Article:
Why Moths?

Why Moths Matter Part 1

Part one in why moths are important and what they do for us.
Caterpillars are herds of mini grazers turning vegetation into nutrients and building soils
Caterpillars are herds of mini grazers turning vegetation into nutrients and building soils
The critical role that moths play in the wider nature of North Antrim may not be immediately obvious. Having tackled the misconceptions that exist around moths, lets take a look at their importance to the world around us.

1. Moths as Ecological Engineers -

As hungry caterpillars our moths act as a herd of mini grazers, feeding on vegetation, alive and dead, recycling nutrients and helping to build healthy soils whilst maintaining diversity in habitats.

If the grazing pressure of caterpillars gets to great many plants have developed defences, such as producing toxins making themselves less palatable. In a properly functioning ecosystem these balances allow for a co-existence of species.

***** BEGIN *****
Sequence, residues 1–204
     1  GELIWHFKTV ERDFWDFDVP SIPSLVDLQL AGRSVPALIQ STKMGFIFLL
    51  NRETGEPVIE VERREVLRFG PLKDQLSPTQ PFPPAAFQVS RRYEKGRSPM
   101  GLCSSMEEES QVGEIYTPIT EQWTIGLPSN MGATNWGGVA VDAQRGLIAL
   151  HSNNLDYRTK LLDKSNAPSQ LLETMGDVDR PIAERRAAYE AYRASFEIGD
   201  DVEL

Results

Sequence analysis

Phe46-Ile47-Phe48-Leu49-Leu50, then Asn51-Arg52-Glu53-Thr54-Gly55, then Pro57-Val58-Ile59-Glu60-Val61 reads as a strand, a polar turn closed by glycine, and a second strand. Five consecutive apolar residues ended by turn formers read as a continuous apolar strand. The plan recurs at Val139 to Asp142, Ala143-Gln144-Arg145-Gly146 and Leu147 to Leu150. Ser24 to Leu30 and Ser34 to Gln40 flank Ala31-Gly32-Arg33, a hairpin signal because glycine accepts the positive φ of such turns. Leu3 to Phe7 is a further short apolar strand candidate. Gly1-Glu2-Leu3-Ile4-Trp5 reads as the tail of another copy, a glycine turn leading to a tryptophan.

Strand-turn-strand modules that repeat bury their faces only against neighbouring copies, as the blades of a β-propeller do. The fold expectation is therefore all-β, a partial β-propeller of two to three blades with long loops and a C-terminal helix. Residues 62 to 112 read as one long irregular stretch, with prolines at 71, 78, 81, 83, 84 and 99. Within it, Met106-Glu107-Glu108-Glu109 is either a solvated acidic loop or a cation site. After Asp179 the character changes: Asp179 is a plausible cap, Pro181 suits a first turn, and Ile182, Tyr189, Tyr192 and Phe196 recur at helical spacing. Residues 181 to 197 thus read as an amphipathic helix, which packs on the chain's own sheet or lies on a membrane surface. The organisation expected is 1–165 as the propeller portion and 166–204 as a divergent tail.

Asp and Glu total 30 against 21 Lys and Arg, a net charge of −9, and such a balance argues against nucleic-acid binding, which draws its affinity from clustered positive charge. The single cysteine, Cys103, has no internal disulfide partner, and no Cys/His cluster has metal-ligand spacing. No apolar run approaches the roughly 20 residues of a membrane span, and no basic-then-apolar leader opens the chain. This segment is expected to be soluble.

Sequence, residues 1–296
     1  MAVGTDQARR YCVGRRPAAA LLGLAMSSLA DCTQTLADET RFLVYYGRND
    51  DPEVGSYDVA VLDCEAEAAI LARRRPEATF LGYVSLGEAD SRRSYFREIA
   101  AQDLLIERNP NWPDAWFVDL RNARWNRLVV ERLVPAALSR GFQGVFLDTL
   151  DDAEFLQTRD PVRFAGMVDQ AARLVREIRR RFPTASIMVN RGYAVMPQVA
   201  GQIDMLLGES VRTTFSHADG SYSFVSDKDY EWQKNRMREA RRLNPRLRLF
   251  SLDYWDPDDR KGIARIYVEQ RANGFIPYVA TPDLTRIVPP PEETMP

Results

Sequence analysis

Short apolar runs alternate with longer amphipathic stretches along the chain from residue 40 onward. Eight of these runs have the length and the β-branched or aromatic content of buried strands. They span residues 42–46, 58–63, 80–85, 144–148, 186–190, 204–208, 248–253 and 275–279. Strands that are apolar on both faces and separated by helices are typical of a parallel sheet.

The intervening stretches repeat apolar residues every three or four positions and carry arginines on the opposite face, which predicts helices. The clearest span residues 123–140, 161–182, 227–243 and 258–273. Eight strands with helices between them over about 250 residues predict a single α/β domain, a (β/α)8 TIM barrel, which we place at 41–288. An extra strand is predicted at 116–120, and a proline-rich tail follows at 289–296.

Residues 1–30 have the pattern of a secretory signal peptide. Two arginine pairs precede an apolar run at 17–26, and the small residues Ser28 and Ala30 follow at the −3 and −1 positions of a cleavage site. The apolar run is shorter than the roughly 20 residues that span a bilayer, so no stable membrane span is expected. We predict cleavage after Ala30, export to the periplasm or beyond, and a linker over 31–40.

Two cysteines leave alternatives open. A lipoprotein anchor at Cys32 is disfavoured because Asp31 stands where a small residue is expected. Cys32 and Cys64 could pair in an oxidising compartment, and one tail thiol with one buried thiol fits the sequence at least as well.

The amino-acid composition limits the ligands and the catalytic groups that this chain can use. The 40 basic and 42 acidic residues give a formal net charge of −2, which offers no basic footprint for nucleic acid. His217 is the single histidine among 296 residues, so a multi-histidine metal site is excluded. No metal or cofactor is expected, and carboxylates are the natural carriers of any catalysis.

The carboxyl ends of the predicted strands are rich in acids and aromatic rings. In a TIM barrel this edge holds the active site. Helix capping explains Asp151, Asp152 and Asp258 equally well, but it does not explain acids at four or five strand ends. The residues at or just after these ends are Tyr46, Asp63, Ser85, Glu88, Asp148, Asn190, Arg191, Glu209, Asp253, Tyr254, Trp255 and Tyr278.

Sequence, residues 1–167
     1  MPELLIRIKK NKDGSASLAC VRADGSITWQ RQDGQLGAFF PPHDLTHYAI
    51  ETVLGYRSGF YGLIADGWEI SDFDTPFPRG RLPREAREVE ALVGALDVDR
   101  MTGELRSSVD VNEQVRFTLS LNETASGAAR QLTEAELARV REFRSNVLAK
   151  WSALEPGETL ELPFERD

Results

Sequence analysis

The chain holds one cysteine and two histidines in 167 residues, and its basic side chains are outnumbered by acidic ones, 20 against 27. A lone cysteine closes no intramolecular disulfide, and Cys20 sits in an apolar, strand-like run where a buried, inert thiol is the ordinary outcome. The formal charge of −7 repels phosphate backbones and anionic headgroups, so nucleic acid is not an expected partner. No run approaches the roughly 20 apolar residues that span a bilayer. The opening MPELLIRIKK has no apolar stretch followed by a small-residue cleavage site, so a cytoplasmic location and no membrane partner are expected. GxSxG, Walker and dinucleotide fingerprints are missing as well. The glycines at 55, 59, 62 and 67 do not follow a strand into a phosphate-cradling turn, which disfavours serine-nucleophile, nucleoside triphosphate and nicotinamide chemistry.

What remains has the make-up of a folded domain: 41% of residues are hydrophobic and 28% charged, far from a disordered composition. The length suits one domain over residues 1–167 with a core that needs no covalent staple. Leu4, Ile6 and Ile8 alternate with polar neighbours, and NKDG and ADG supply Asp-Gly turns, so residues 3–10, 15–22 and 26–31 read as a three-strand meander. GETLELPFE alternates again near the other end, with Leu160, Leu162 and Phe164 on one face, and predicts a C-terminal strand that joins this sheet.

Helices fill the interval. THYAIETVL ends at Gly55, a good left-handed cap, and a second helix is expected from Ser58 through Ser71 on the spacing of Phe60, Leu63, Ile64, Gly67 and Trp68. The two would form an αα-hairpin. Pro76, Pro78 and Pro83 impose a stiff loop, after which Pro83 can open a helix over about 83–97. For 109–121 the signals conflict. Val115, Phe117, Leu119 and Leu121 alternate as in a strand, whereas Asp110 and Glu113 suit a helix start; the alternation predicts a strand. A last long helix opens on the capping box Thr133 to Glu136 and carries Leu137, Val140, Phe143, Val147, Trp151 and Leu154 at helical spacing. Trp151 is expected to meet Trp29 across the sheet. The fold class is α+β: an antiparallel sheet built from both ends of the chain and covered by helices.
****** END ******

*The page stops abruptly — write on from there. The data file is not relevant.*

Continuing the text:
2. Feeding Hungry Mouths -

Caterpillars form a major component in diet of many of our birds, and this is especially important development of the young. It is estimated that the chicks of Blue Tits in Britain and Ireland eat 50 billion caterpillars a year! Many birds coordinate their egg laying to coincide hatching with the greatest abundance of caterpillars.

It is not just chicks that rely on moths, two-thirds of an adult Cuckoo’s diet may be made up the large hairy caterpillars of the Fox and Northern Eggar moths. In addition a wide range of small mammals, amphibians and reptiles prey on moth larvae.

Even when, against the odds, a moth reaches adulthood, it’s place in the food chain is not diminished. Moths make up a substantial element of the diet of the bats they share the nocturnal world with.

Bats and moths co-evolved and have been in an arms race for survival. Moths have developed methods of interfering with the echo-location of the bats, whilst bats have changed frequencies and amplitudes to maintain an advantage.

Blue Tit

Moths are literally fuelling a whole network of life around them, including many of our favourite garden birds.